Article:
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Diamagnetic Lateral Force Calibrator (D-LFC)

Lateral force calibration of AFM (LFM, FFM)

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From its inception (Binnig et al, 1986), Atomic Force Microscopes (AFM) have been widely used for interrogating the material properties at nano-scale. Especially the emergence of the special mode, Lateral Force Microscopy (LFM) or Friction Force Microscopy (FFM), makes it possible to study the nano-friction behavior in far more details than any attempts before.

However, for as long as AFM has been used to study the friction, there have been difficulties in measuring the absolute lateral force components involved in the friction process. Although tons of papers are appearing everyday concerning this AFM calibration business, the situation has not been entirely satisfactory yet. Many results of LFM experiments are still published in term of Arbitrary Unit or Volts in stead of Newtons !!! 

As we tried to implement the calibration methods proposed by prior researchers, there are three major problems we found:

  • Inaccurate  (many error sources exist in the calibration, sometimes more than an order of magnitude off)
  • Indirect  (as discussed in Background many intrinsic quantities are involved and complicate interpretations; not in situ)
  • Complicate setup and procedures  (usually effort-intensive micro fabrications and data processing; applies only to a probe with limit radius of curvature; etc)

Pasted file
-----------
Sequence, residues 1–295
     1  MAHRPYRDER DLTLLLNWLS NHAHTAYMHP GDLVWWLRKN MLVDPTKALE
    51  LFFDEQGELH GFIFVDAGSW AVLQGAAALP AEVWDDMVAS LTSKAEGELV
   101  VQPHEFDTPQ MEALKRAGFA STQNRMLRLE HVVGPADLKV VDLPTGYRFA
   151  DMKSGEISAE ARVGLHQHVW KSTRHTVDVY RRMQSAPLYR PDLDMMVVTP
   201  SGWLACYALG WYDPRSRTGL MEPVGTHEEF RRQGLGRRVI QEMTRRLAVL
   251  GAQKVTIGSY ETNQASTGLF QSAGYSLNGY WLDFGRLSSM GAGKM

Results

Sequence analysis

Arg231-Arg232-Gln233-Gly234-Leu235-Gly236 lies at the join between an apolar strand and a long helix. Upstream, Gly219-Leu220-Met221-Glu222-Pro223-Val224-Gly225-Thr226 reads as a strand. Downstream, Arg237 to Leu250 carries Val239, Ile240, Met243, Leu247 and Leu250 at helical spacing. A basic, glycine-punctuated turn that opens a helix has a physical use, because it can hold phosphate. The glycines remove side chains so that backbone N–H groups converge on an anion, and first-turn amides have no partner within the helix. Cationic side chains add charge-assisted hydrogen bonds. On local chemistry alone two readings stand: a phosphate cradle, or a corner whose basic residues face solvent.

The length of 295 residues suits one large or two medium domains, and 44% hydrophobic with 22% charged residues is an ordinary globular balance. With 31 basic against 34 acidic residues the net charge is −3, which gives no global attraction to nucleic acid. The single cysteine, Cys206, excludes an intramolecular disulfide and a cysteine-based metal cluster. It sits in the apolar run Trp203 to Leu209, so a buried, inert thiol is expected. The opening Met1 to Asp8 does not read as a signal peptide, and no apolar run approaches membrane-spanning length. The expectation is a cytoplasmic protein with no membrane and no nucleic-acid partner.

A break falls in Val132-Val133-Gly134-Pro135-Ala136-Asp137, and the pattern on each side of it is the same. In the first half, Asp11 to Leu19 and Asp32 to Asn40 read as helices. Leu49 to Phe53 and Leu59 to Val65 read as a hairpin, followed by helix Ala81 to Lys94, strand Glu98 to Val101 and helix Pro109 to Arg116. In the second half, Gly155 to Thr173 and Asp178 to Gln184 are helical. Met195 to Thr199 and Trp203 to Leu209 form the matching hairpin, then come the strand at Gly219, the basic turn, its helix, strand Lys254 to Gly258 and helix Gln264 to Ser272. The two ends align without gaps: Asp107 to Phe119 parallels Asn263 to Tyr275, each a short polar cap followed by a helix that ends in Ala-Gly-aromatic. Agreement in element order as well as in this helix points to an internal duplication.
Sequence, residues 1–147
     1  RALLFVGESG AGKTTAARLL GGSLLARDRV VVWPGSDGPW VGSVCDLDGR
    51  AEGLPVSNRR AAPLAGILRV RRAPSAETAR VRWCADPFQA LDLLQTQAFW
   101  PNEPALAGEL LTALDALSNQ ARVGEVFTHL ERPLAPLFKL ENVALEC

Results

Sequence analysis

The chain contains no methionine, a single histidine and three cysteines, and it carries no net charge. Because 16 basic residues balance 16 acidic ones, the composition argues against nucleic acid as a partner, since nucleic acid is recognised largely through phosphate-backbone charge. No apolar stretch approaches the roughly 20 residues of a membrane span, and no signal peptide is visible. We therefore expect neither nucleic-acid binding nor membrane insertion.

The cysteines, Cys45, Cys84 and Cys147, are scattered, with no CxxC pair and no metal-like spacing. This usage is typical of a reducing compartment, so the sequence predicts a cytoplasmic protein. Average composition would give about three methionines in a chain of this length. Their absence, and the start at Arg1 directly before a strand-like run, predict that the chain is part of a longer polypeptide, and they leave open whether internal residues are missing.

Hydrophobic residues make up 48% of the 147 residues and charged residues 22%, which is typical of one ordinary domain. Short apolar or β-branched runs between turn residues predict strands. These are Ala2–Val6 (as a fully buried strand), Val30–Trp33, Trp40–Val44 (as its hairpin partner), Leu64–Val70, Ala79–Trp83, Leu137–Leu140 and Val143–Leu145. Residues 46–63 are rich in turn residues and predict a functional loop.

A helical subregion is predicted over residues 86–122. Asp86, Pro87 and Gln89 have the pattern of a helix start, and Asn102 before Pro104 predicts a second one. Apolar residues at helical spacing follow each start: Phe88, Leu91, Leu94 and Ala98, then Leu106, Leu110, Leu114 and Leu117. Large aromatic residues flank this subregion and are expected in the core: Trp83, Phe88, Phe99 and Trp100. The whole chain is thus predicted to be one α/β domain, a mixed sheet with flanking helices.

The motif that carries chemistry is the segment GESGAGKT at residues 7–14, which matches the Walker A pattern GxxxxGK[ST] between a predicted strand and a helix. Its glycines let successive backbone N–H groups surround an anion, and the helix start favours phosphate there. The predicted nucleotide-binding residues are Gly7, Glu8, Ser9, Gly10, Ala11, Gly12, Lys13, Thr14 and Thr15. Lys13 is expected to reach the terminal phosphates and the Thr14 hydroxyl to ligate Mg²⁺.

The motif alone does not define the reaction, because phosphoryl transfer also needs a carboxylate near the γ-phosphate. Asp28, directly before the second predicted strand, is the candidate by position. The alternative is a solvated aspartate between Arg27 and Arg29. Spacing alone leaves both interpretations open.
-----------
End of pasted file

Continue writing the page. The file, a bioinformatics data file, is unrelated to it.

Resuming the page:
To find a robust way to accurately calibrate the absolute lateral forces exerted on an AFM probe, we developed a novel calibration method using a Diamagnetic Lateral-Force-Calibrator (D-LFC), which has the following distinct features:

  • Direct  (as discussed in Background, the force constants are treated as input-output parameters of the AFM system and calibrated directly without knowing the detail information of the cantilever and optical sensitivity factor; ideal for in situ calibration without disturbing the AFM system)
  • Accurate  (since it's direct, this method minimizes the error sources; with a compliant standard spring provided by D-LFC, it has a much higher accuracy than any other existing techniques; no further assumptions are made for the AFM cantilever system, it can handle the "cross-talk" effect by measuring both force constants)
  • Easy and low cost  (D-LFC setup is relatively easy, costing only a few bucks, see in DIY Steps, and the linear-fitting is the only data processing needed, see Lateral Calibration)

A detailed technical paper could be found on the Journal Review of Scientific Instruments (vol. 77, issue 6, 065105, 2006) or you can download the electric copy here :)


DIY Steps

Lateral Calibration

Other links:

Nano & Micromechanics Lab

Brown Engineering


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